…you’re looking for a book with easy answers!  Each page in the book presents a new question, accompanied by an illustration that will prompt the imaginations of kids and adults alike.  If you’re looking for serious answers to these questions, I suggest you consult the non-fiction section.

Overall Dip Factor

I can see this being the perfect tool to generate discussion in the classroom right before a creative, problem-solving or investigative assignment is unleashed.  I loathe to use the word “whimsical” because I feel it is so overused as to be cliched, but there is a definite sense of whimsy in some of the illustrations, coupled with something more akin to the complexity found in Shaun Tan’s works – it’s that atmosphere generated by the effective coupling of simple text with illustrations that beg to be explored beyond a first glance.  My favourite illustration is from the “who builds the wings for birds to fly?” page:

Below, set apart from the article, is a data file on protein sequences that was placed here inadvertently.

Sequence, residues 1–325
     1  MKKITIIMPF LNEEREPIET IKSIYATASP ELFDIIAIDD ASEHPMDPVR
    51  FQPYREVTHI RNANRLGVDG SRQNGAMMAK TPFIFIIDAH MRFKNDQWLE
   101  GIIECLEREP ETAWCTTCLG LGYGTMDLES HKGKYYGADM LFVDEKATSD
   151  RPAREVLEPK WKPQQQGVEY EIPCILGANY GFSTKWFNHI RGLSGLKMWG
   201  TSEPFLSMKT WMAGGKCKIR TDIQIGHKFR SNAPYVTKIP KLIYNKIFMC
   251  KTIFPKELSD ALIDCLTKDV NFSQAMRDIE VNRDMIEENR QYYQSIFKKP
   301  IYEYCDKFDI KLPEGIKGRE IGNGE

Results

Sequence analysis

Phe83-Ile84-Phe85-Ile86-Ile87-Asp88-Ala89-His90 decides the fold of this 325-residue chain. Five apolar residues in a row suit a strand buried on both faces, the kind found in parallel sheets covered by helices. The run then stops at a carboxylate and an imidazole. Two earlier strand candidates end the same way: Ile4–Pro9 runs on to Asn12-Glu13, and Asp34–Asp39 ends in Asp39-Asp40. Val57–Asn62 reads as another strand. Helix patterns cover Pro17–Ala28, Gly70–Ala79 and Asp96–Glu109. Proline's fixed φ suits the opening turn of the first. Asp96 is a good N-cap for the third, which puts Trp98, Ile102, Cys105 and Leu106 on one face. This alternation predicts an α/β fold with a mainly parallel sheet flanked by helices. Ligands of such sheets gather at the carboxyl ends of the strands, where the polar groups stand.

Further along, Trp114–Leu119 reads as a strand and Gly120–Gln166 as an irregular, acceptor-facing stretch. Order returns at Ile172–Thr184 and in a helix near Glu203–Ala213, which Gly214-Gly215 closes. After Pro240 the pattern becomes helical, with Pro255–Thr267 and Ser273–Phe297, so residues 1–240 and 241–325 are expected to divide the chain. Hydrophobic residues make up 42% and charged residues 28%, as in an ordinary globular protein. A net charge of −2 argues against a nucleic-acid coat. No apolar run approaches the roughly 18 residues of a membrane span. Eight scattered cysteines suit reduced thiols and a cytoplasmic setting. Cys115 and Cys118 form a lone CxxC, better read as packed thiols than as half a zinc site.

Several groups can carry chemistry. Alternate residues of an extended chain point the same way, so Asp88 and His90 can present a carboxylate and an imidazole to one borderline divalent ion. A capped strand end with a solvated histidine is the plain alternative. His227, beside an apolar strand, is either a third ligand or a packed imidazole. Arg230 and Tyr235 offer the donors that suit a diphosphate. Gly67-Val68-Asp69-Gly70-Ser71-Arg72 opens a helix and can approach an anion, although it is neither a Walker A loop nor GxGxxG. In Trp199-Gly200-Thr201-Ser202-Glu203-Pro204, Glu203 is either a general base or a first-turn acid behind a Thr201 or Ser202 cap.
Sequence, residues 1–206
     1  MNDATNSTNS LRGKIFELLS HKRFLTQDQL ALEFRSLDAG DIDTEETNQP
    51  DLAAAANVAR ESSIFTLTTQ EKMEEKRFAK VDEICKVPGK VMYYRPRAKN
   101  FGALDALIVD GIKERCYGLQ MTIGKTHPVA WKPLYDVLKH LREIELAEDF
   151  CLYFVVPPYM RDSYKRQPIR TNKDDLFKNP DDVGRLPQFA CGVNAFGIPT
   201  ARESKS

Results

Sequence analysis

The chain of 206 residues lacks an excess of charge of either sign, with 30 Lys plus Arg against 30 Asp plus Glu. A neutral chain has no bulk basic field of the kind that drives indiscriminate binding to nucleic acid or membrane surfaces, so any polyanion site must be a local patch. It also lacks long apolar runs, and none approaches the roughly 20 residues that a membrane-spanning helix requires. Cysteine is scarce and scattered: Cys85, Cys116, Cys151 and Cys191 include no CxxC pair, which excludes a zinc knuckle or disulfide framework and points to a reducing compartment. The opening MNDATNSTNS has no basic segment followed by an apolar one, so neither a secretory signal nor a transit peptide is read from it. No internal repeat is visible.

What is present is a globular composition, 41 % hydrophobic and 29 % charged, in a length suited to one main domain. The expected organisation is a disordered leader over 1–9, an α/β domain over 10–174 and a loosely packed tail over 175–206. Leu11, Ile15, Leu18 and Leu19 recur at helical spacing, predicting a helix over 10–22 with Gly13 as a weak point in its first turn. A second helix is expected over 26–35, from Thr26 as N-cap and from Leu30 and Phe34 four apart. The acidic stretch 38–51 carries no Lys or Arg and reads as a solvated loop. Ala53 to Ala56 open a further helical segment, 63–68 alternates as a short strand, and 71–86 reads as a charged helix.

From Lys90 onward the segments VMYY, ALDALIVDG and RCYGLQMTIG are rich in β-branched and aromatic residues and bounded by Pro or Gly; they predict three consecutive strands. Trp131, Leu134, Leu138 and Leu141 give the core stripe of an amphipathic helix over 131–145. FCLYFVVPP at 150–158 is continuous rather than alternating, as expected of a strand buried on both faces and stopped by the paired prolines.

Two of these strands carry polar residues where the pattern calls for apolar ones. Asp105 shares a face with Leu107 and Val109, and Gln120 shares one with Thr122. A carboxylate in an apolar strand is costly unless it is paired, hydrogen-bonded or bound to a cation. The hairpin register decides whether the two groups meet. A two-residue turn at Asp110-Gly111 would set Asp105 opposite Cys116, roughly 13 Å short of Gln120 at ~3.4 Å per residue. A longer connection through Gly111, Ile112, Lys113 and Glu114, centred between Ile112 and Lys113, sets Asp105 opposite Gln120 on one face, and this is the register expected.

birdhouse manIn fact, I liked it so much I was tempted to carefully remove it from the book and stick it in a frame on the wall…but luckily I don’t have to do that, because I’ve just learned that Kyle Hughes-Odgers is releasing a colouring book in December featuring some of the images from Can a Skeleton Have an X-Ray? !  It’s called Off the Wall and you can check it out at Fremantle Press.

Now, on to the subversive!  Our second offering is Please, Open This Book! by Adam Lehrhaupt and Matthew Forsythe, provided for review by Simon & Schuster Australia, and the sequel to the highly acclaimed Warning! Do Not Open This Book! from 2013.  Here’s the blurb from Goodreads:

Books are made to be opened. Especially this one. But, guess what…

Someone closed this book! Who would do that?

Luckily, you can fix this. All you need to do is open it. You can do that. Can’t you?

We need your help!

Please, Open This Book!

They warned you, but you just couldn’t listen–now, the creators of Warning: Do Not Open This Book! are back with their zany monkey crew, and they need your help!